A Fine Kettle Of Fish

This content is archived

Published on: Aug. 2, 2001

Last revision: Nov. 9, 2010

the Sport Fish Restoration Act. The money is generated by a federal excise tax on fishing equipment, boats and motorboat fuel. The Sport Fish Restoration Act provides funds for hatcheries, as well as for fish stocking programs and public fishing access development.

"This is a good partnership that offers tremendous benefits to Missouri citizens," Eder said. "This project demonstrates the success of the Sport Fish Restoration Act. Plus, it's good to see some of our residents' federal tax dollars come home."

Covering 971 acres, the Lost Valley Fish Hatchery contains 78 aerated rearing ponds that encompass more than 68 acres. Fish production occurs in a 16,000-square-foot indoor production facility. A 2,000-square-foot visitor's center contains educational exhibits, as well as a 13,000-gallon aquarium stocked with some of the fish commonly found in Missouri. The aquarium also features examples of Missouri's various fish habitats.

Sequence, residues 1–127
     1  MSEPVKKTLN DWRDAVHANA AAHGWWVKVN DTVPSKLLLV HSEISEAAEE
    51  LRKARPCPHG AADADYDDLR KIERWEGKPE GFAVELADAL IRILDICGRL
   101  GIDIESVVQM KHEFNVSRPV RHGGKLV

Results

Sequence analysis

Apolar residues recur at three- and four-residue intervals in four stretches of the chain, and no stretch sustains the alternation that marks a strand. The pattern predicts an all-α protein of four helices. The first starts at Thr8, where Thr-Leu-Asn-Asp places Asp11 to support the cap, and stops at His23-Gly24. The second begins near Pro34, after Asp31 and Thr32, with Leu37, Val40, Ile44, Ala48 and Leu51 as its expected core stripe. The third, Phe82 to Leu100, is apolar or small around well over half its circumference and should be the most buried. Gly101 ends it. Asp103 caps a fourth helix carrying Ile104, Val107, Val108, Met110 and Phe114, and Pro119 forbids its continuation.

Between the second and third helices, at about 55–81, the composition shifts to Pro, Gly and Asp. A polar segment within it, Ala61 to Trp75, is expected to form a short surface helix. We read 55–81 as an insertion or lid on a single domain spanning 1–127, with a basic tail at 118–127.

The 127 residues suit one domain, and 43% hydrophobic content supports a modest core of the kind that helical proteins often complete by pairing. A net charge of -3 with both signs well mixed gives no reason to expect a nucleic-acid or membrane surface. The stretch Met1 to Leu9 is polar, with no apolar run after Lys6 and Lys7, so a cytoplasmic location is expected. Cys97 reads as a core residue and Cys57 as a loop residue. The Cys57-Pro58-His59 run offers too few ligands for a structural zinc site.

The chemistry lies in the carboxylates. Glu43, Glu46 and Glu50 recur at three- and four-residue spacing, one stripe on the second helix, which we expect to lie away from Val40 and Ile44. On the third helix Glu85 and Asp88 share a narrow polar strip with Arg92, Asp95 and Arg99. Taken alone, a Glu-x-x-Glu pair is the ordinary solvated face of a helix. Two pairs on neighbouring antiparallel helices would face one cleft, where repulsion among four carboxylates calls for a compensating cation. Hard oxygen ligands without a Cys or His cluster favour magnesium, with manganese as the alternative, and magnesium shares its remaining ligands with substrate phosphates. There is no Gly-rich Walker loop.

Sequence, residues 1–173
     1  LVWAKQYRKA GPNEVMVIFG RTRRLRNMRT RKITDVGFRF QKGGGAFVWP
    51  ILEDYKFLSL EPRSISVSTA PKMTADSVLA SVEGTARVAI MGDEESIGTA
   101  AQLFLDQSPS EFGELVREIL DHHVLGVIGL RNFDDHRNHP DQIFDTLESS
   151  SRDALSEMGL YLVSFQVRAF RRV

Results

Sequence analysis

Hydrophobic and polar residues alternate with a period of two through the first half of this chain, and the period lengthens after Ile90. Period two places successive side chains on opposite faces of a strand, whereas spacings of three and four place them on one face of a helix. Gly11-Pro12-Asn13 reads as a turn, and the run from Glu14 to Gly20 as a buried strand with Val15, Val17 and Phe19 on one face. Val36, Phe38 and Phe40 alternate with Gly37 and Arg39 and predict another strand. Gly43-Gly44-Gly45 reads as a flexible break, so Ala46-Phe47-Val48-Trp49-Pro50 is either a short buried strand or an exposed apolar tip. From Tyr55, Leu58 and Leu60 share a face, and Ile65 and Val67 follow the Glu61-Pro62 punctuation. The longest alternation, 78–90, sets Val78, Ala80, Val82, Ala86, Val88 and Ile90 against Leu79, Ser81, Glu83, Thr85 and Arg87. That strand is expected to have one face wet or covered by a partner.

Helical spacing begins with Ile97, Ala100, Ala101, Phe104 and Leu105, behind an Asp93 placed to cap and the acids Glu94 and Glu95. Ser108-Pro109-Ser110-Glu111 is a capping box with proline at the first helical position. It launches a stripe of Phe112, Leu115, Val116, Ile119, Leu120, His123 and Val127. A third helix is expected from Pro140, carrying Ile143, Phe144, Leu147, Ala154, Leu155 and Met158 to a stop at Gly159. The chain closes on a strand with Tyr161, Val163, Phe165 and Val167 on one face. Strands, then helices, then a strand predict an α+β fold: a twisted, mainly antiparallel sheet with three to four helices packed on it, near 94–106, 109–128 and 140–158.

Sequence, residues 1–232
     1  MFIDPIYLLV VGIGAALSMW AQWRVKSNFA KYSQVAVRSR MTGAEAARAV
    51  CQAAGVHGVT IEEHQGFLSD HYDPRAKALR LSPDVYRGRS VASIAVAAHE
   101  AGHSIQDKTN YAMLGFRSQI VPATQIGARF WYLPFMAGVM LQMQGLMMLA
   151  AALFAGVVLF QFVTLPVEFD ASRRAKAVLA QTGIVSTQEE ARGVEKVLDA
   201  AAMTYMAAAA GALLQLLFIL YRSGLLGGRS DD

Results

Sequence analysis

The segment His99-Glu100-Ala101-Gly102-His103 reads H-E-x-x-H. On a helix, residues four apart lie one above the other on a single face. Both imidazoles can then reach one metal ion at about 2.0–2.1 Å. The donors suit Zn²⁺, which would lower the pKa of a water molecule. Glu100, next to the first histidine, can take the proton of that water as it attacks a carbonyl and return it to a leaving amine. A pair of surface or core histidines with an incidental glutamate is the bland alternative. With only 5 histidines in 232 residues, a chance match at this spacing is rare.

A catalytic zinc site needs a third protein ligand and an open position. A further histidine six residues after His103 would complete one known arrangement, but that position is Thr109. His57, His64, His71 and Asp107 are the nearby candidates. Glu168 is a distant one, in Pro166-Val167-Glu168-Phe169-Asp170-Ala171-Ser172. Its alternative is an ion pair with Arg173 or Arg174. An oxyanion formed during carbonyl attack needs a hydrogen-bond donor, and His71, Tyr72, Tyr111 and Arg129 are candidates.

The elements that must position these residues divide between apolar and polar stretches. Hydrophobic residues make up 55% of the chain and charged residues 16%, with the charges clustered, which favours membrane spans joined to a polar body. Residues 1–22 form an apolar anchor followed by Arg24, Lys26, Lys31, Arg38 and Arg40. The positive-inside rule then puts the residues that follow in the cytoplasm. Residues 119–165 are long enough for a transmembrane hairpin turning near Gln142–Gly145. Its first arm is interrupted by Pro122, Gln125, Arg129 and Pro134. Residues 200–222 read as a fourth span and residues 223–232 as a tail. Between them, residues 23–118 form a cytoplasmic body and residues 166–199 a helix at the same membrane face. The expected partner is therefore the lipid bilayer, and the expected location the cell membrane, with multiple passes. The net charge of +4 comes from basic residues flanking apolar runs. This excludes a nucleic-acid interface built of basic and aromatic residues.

Water for the hatchery comes from seven wells that plunge 1,125 feet and have the ability to provide 3,500 million gallons per minute. The water is pumped into two large water towers. The wells and the towers are all connected to a distribution system that moves water where needed through 15 miles of buried pipeline.

A 10-acre holding pond is used to recycle water and to provide ambient temperature water to the fish rearing units. This is one of the hatchery's many energy and water conservation features.

Along with its fish-rearing ponds, the hatchery also contains three pollution control ponds. Water is recycled as much as possible, said David Waller, Lost Valley Hatchery manager, but recycling eventually becomes impossible when excessive amounts of organic (fish) waste accumulates.

"We recycle about 75 percent of the water we pump out of the ground," Waller explained. "Any water that is not recyclable is diverted to the pollution control ponds, where the solids are allowed to settle out before the water is released into the watershed."

Finally, a computerized distribution system ensures that water arrives where it's supposed to go.

"The thing you don't want to have happen in a hatchery is for the water to stop running," Waller said. "The computerized system controls the flow and makes that part of the operation pretty much worry-free. If a problem does arise, the system will let us know us about it."

All of the hatchery ponds have durable polypropylene liners that not only reduce water loss, but also help maintain the good physical condition of fish fingerlings.

"Another thing the polypropylene liners do

Content tagged with

Shortened URL